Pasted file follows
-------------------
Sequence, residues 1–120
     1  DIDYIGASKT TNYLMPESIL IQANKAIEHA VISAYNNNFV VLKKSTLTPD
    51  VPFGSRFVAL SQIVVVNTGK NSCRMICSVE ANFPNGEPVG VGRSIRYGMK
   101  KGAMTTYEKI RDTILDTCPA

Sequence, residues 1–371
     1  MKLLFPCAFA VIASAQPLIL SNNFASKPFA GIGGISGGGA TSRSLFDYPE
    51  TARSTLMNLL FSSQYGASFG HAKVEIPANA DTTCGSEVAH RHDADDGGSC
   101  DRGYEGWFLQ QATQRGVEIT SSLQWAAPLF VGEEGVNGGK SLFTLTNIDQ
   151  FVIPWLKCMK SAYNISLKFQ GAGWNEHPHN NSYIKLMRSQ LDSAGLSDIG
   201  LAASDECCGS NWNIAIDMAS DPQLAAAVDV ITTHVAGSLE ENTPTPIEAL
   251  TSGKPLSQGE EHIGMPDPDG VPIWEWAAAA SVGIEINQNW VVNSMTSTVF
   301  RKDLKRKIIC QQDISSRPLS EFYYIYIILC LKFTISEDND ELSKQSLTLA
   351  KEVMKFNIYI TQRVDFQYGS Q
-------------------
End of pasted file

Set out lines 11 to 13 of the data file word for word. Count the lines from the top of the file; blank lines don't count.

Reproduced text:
   251  TSGKPLSQGE EHIGMPDPDG VPIWEWAAAA SVGIEINQNW VVNSMTSTVF
   301  RKDLKRKIIC QQDISSRPLS EFYYIYIILC LKFTISEDND ELSKQSLTLA
   351  KEVMKFNIYI TQRVDFQYGS Q